But there were complications. The delivery — that’s a story for another day. Emergency C-section for deep transverse arrest. Bradycardia. Meconium. Mayhem. I was discharged with a hematocrit of 22.
Baby boy was fine, but I grieved the loss of my dream birth. I was determined to get breastfeeding right: I wanted to breastfeed for a full year.
But. There were problems with the latch, with the milk supply, with pain, with baby’s growth. I was still determined. I got the hospital lactation consultant and a private lactation consultant and every breastfeeding book on Amazon and drank Fenugreek tea etc.
Miraculously, I was able to breastfeed for a full three months.
But I hated every single second of it.
When it got close to feeding time, I would inwardly cringe. With his latch, I would outwardly gasp, and clench my teeth in pain. The doula and the lactation consultants gave up on me. It was a nurse practitioner at baby boy’s pediatrician’s office who suggested APNO (all purpose nipple ointment), and it was an OB/GYN who prescribed it for me. The APNO cream helped a bit, and it got me through the three months, though nothing really helped.
Inevitably, what would come to mind with every feeding were images:
Of glass-shard covered twine being pulled out of my breasts through my nipples.
Of someone pouring acid over my areolae.
Of my baby with little piranha teeth and malevolent intentions.
Oh, I hated it, and I hated myself for hating it. Wasn’t breastfeeding supposed to be this wonderful bonding experience? I would rock and cry, literally cry, while stroking my baby’s forehead and begging forgiveness, because I could not wait for this to be over.
So when it came time to go back to work, I started on a combined oral contraceptive and took Benadryl, and let that milk supply dry right up. Worked like a charm. I was done. It was such a relief.
When I told my colleagues I would not be needing that breastfeeding room, I got some eyebrow raises, but no one questioned. Many of them had made similar decisions for different reasons.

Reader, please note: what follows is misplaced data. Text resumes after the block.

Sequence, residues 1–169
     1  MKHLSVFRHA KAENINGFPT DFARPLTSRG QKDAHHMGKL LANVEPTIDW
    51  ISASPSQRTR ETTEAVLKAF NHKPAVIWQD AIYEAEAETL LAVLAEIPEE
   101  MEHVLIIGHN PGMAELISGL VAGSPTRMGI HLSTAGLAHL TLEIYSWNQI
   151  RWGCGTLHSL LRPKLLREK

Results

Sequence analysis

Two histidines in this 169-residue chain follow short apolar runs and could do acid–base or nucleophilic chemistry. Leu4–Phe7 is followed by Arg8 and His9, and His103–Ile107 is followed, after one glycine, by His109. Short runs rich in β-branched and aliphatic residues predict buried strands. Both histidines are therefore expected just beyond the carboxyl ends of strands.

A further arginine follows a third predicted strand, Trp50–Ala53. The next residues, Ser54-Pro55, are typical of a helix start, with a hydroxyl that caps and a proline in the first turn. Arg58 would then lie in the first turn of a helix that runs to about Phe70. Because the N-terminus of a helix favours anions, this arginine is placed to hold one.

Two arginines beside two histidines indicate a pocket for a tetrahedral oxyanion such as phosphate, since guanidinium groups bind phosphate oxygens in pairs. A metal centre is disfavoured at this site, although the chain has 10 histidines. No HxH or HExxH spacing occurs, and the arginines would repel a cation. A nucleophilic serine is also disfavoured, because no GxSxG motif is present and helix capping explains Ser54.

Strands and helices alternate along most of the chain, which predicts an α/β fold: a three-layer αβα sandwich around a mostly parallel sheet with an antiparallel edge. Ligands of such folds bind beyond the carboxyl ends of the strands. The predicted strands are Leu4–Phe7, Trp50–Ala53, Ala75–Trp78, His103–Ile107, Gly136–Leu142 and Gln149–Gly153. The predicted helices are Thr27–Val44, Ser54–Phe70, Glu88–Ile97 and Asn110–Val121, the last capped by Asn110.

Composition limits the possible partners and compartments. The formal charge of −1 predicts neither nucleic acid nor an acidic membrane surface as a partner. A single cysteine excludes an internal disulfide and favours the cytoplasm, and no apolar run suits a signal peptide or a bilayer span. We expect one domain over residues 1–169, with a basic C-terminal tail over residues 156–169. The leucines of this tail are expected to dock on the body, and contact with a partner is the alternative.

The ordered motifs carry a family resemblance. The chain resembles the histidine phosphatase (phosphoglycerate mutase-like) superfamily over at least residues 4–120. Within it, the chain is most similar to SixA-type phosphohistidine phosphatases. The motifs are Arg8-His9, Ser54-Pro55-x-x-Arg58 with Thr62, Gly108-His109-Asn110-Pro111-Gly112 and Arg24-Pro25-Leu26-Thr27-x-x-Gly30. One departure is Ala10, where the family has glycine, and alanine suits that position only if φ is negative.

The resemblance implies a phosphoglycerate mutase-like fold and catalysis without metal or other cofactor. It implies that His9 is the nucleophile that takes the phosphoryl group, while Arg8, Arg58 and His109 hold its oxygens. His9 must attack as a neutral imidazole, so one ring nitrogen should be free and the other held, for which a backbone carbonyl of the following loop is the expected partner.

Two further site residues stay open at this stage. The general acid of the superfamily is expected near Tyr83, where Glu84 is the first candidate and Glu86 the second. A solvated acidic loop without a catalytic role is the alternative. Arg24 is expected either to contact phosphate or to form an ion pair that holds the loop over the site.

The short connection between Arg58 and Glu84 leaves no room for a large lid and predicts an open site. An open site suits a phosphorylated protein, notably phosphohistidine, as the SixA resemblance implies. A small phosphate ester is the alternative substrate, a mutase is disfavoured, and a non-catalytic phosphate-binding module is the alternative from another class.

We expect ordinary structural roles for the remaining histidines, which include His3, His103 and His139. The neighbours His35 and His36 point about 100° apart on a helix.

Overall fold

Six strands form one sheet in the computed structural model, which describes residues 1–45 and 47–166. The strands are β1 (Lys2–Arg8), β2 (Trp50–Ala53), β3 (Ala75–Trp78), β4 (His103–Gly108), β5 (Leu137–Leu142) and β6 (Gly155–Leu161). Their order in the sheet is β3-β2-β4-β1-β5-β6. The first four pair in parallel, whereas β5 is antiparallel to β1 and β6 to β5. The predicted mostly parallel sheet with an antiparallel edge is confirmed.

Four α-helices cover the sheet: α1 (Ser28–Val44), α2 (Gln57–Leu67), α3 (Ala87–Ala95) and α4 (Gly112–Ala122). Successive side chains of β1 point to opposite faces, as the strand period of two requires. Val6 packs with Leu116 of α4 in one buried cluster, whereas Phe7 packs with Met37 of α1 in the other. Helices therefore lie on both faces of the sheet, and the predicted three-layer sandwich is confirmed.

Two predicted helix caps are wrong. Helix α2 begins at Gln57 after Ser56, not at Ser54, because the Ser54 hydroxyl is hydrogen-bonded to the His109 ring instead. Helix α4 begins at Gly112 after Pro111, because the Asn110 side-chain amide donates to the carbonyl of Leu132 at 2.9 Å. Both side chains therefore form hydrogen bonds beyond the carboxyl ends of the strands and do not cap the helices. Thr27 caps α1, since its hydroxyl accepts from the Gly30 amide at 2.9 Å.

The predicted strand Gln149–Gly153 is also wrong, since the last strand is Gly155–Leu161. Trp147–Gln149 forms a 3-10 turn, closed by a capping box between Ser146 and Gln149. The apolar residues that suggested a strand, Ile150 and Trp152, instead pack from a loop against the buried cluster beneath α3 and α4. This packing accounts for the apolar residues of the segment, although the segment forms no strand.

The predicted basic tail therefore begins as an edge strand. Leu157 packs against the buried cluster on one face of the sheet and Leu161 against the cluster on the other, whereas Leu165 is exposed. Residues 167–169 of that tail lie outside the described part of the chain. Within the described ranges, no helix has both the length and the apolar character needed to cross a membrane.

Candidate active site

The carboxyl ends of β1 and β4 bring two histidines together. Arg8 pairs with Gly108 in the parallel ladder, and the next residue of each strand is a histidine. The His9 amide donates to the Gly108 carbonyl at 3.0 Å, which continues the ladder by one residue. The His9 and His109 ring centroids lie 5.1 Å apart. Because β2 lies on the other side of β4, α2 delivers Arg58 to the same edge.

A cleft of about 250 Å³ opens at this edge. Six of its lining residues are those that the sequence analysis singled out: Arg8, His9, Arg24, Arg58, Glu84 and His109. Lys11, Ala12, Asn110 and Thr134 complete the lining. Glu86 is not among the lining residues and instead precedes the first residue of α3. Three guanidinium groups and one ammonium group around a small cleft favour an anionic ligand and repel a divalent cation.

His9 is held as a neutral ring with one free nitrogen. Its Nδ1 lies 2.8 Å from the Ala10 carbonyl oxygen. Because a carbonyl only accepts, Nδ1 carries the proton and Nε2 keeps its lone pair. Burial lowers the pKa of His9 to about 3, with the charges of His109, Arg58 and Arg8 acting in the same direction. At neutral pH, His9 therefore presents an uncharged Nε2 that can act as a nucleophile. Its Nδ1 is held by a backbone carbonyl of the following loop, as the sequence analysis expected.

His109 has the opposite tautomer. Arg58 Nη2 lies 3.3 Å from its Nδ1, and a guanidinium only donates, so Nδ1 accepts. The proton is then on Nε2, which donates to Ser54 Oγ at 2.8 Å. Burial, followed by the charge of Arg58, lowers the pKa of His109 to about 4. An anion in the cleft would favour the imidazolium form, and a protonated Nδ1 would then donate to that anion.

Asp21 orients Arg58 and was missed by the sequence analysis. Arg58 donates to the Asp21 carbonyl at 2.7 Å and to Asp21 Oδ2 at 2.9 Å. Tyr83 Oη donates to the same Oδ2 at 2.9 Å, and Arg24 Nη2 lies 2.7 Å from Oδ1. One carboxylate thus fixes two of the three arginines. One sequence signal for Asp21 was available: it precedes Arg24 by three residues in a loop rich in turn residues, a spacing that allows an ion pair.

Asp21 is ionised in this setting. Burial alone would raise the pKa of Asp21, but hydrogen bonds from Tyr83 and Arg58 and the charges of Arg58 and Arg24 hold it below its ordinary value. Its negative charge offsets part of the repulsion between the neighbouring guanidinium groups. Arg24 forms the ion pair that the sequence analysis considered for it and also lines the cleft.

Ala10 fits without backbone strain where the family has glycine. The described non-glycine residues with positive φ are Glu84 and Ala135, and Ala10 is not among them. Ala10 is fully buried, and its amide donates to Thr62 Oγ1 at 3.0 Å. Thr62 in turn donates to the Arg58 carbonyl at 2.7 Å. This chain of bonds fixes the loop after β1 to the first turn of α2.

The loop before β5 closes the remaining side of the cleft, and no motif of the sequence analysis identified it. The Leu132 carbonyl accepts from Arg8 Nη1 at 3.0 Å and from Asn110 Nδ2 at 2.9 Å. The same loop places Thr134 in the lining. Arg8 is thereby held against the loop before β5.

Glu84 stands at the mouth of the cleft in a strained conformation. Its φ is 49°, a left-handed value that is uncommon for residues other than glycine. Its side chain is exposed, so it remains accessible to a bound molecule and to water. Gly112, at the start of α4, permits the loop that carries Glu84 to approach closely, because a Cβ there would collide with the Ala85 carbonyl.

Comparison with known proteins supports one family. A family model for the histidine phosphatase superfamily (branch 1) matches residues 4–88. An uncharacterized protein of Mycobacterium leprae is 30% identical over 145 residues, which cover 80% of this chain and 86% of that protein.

Most of my friends were understanding (very different social circle from my patient-mom) and for that, I was very grateful. As a matter of fact, people came out of the woodwork with their own breastfeeding difficulty stories. I was not only not the only person who had struggled, I was not the only person who hadn’t enjoyed it, and I was not the only person who had guilt about that.
Yes, there were a few “judgy” moments. People I didn’t know well, and luckily didn’t give a rat’s ass about. A lady at book club gathering, a friend of a friend.
But my patient, my poor patient. Her “support network” was annihilating her. I was outraged on her behalf. I wanted to reassure her.
So I shared my own story with her, and we discussed ways to manage the hurtful comments and avoid the negative people.
For doctors, sharing our own stories and feelings about medical issues with patients is a tricky thing. Sometimes it’s appropriate, sometimes it’s not, and sometimes it’s a mixed bag. In this case, the patient expressed relief and gratitude. She had been initially expecting me to judge her, too, she said. She was so glad to have found validation, reassurance, and open discussion instead.
That’s when I had my breakthrough: The patient had been expecting me to judge her, and had instead found validation and reassurance.
Wow. That is what I need to bring to every patient encounter. Validation, reassurance, open discussion. Because that is what I would want for me, as well. It’s what I want to be able to provide for everyone, especially my patients.